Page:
Graduation Year


Document Type




Degree Granting Department

Secondary Education

Major Professor

Allan Feldman


attitudes, interpretivism, marginalization, science identity, science practices



Providing equitable learning opportunities for all students has been a persistent issue for some time. This is evident by the science achievement gap that still exists between male and female students as well as between White and many non-White student populations (NCES, 2007, 2009, 2009b) and an underrepresentation of female, African-American, Hispanic, and Native Americans in many science, technology, engineering, and mathematics (STEM) related careers (NCES, 2009b). In addition to gender and ethnicity, socioeconomic status and linguistic differences are also factors that can marginalize students in the science classroom. One factor attributed to the achievement gap and low participation in STEM career is equitable access to resources including textbooks, laboratory equipment, qualified science teachers, and type of instruction. Extensive literature supports authentic science as one way of improving science learning. However, the majority of students do not have access to this type of resource. Additionally, extensive literature posits that culturally relevant pedagogy is one way of improving education. This study examines students' participation in an authentic science experience and argues that this is one way of providing culturally relevant pedagogy in science classrooms.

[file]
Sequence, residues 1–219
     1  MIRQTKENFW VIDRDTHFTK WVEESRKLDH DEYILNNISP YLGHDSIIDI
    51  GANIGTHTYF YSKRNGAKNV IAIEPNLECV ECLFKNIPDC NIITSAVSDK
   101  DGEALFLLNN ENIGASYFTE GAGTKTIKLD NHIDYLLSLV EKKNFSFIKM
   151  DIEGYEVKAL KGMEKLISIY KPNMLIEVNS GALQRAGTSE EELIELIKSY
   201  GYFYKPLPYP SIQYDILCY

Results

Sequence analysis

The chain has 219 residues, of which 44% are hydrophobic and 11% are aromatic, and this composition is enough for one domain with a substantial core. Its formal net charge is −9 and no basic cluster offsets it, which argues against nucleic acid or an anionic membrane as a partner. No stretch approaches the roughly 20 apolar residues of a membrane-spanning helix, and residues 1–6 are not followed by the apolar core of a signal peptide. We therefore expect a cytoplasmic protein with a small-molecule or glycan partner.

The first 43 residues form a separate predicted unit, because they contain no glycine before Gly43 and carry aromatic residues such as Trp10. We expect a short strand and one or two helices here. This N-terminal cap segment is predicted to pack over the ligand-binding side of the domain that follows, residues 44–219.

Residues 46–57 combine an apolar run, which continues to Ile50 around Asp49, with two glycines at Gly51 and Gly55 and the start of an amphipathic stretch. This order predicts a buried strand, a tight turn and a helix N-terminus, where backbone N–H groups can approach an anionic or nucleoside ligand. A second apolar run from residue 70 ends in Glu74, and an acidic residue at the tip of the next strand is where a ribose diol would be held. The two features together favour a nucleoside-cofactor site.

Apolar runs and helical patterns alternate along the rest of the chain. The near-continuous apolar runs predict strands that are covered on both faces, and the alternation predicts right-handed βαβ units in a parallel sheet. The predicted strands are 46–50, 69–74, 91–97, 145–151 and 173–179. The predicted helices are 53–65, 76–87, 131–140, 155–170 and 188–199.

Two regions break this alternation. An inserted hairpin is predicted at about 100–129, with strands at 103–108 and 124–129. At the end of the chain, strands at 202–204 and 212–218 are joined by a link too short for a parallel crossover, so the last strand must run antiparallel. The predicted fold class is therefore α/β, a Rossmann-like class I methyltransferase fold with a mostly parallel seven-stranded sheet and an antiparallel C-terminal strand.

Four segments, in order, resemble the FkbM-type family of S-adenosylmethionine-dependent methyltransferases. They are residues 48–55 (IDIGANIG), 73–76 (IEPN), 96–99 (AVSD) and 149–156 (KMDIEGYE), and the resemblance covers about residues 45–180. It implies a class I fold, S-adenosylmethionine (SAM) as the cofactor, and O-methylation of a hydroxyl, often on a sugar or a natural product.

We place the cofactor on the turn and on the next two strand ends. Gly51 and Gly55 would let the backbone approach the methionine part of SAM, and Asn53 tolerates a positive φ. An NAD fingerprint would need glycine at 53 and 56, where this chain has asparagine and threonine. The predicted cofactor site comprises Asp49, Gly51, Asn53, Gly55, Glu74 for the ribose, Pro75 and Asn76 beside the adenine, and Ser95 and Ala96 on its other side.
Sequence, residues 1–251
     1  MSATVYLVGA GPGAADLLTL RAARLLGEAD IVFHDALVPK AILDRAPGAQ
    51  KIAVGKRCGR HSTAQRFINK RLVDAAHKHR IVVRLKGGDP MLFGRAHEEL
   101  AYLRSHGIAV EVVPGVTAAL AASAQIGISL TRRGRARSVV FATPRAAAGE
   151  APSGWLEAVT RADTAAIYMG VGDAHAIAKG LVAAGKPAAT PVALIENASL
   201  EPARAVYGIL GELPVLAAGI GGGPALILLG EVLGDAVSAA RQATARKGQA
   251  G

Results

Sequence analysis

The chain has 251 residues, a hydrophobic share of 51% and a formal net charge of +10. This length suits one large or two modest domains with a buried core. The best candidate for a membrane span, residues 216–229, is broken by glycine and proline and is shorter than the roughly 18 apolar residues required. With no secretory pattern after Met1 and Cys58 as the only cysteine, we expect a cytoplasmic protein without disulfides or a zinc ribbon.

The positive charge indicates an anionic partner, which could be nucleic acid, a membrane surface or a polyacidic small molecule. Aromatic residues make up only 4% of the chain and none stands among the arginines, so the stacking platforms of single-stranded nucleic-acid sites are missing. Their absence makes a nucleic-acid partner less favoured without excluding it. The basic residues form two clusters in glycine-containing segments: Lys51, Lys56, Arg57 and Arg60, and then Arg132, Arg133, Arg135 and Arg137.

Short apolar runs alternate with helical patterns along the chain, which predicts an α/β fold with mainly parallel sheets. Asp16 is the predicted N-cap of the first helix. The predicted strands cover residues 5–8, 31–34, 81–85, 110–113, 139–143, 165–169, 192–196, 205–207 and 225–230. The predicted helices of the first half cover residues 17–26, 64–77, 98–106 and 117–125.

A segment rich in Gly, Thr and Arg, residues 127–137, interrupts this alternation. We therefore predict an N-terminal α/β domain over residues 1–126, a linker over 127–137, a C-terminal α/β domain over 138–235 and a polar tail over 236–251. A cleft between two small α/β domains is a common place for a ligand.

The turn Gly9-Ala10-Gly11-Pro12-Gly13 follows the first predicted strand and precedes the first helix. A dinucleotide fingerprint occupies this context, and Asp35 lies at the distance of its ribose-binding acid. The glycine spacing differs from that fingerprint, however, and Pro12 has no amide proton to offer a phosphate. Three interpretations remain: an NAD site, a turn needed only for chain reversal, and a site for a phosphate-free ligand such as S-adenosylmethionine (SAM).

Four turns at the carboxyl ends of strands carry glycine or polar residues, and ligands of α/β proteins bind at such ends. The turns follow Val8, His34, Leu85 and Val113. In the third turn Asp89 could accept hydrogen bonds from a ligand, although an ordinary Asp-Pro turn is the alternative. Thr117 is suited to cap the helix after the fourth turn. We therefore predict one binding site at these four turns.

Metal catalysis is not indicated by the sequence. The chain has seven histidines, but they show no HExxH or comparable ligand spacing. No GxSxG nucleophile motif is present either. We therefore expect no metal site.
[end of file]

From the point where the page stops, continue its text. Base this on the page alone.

The purpose of this study was to better understand how marginalized students were affected by their participation in an authentic science experience, within the context of an algae biofuel project. Accordingly, an interpretivist approach was taken. Data were collected from pre/post surveys and tests, semi-structured interviews, student journals, and classroom observations. Data analysis used a mixed methods approach. The data from this study were analyzed to better understand whether students perceived the experience to be one of authentic science, as well as how students science identities, perceptions about who can do science, attitudes toward science, and learning of science practices were affected by participation in an authentic science experience. Findings indicated that participation in an authentic science experience has a positive effect on science identities, scientist perceptions, science attitudes, and learning of science and is one approach to mitigating the effects of marginalization in the science classroom. Additional findings indicated that a relationship between the authenticity of the experience and the outcomes (science identity, perceptions about who can do science, science attitudes, and learning of science). This study provides empirical evidence to support authentic science learning as a means of improving students' learning, attitudes, and identities with respect to science. This study endorses authentic science experiences for all students, marginalized included. This has implications for how we prepare future and support current science teachers. In addition, this study shows how this model can be used to effectively implement science, technology, engineering, and mathematics (STEM) education.